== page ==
If you like bands like Two Door Cinema Club, but wished they had a little more ‘oomph.’ Or dig bands like the Roots, but enjoy a more light-hearted dance vibe, look up this band and go see them live.
Frontman Will blurs the lines between rapping and singing; expertly flowing between the two vocal styles in a way I’m more used to seeing people attempt then actually pull off. Totally absorbed in his own world, his hand movements evoke the feeling that he is weaving his own spell over the audience. The only issue was I couldn’t take enough of it in on a first listen; I just simply wasn’t prepared for all that they have to give.
I for one am relishing the opportunity to properly delve into Will’s lyrics and see what else lays beneath this brilliant surface.
Live Like Kings
Live Like Kings kicked off their set with the explosive ‘Face the Morning.’ The song is an adrenaline rush with a definite Strokes feel to it that immediately shouted at you exactly what this band was about.
The band tore through a whole set of foot stomping, heart pounding rock n roll, which left me unsure whether or not to tap my foot or bang my head, so I opted for an awkward nodding movement. On the contemporary musical landscape, they’re probably closest to The Walkmen or maybe the earlier Arctic Monkeys. Aside from that, they seem to be drawing from somewhere between the ferocity of The Who’s earlier tracks (around the My Generation era) and the attitude of punk. Then again, there are whiffs of The Rolling Stones in there too on certain tracks, with a cheekiness of vocal delivery bringing to mind the great Mick Jagger. Coming from an obsession with punk throughout my teenage years, there was also a raw fire in the band’s performance that I easily identified with.
There were some moments where the band meandered a bit, suddenly dropping into a more American, Rage Against The Machine style break down on one song. Admittedly the riff in that section was still awesome and if that is a criticism, I can admit its not a very strong one and as they continue to rock venues around the UK and hone their sound moments like this wont be as sudden.
Adam T. on the vocals has all the hallmarks of a great rock frontman. He’s deeply passionate about what he does and he’s been gifted with an awesome voice for his music. He funnels the energy of the music through his body and into his performance; I’ve never seen anyone play a tambourine with as much vigour and spirit as he does, giving the impression that he’s only just on the safe side of psychotic.
On the one hand, I love bands that choose to mix things up and cleverly blend different styles of music. On the other, a band that are just straight up rock n roll, embodying it in all its forms with no holds barred and nothing to hide made a refreshing change to the night.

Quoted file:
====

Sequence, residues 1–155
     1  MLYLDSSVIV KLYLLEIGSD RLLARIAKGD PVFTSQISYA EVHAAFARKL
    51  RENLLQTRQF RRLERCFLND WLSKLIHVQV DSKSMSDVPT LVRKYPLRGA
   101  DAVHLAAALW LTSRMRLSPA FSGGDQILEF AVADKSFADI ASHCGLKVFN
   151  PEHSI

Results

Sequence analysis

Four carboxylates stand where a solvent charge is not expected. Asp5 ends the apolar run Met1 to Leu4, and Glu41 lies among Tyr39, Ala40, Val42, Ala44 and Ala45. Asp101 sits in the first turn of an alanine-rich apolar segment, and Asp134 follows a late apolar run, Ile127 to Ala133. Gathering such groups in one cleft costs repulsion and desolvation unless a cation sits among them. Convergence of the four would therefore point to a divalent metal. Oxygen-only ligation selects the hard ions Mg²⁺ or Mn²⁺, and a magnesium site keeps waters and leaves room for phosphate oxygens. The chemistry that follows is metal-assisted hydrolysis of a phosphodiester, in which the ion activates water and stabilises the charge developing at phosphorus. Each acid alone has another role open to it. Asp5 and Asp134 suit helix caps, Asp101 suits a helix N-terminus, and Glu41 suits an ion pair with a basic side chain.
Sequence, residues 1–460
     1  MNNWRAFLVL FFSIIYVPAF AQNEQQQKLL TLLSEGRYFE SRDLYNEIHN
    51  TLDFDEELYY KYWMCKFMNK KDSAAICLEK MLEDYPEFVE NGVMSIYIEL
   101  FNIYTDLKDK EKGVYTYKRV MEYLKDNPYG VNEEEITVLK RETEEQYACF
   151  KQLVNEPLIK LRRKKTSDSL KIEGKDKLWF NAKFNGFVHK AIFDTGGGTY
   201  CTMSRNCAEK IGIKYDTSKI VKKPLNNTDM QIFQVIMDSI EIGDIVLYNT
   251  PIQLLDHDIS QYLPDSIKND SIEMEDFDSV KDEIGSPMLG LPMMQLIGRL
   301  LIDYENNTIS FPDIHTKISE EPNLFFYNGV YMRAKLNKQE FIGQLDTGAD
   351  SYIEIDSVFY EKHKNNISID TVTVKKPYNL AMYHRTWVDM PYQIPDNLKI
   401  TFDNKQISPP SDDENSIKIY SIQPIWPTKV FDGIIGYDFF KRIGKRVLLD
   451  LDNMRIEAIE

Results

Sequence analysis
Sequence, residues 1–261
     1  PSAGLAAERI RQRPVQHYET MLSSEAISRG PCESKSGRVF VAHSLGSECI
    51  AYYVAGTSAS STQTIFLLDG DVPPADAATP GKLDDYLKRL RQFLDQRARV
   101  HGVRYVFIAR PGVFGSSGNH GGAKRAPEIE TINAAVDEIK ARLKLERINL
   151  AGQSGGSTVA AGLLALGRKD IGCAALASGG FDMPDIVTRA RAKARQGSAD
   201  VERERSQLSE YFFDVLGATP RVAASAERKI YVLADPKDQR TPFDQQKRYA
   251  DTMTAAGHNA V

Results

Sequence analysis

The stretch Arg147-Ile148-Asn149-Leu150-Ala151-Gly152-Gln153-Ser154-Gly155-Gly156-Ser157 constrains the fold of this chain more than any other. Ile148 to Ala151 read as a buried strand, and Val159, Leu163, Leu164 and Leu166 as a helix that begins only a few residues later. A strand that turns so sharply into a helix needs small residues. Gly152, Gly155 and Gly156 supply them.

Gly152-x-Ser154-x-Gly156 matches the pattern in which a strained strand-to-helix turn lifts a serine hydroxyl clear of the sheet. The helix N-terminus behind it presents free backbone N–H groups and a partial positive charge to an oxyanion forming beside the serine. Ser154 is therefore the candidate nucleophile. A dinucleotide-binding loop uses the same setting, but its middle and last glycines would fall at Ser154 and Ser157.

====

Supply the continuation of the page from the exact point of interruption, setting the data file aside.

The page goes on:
What’s Your Vice?
Finally, bringing a conclusion to the showcase of the night’s acts was What’s your Vice. I’d seen this band play before at The Prince Albert, again in a small room. The atmosphere there had been positively electric. They’d blasted out an absolutely amazing set full of energy, attitude and powerful visuals that totally blew me away. They truly raised the bar for what I expected of local bands and put on a performance that I’ll never forget.
I’d been left with the impression of a small, focussed universe centering on their lead vocalist, Izzy, who’d been a rip-roaring ball of energy, throwing herself around. The band leapt into the crowd, beating floor toms and doing everything right in my eyes.
I was expecting more of the same as I eagerly awaited them to start their first song, but was instead greeted with something very different. With a clearly much more thought out approach then they’d utilised before, the band gave the impression that they were no longer just any old energetic garage band, they’ve risen up out of the underground and are ready to start entertaining thoughts of challenging the major players on the scene.
Tom still provided the same hard hitting grooves on the drums, beating the kit to within an inch of its life and driving the whole thing forward constantly. The drummer as the engine of the band has never been more appropriate. With Chris on guitar still providing as much of an energetic performance as before, but with more surprises in store. His use of effects during his solos twisted the band’s set into a completely new dimension for me. It was somewhere I’ve never been before, but the best music is full of surprises.
When I first saw the band, the whole stage constantly exploded, reverberating around Izzy as a nucleus. For this gig however, she seems more like the calm in the eye of the storm, providing a grounded centrepiece, around which the whirlwind of rock can rotate.
Here I come to my only gripe with the set. Not enough leaping into the audience. When I saw them before, you never knew what to expect, and it made it feel dangerous and exciting to watch. Here, with a more considered approach to their songs they are in danger of wandering too far into the safe zone. So I guess that’s the only criticism I can give, not enough jumping.
All photos courtesy of: http://phisheyephil.tumblr.com/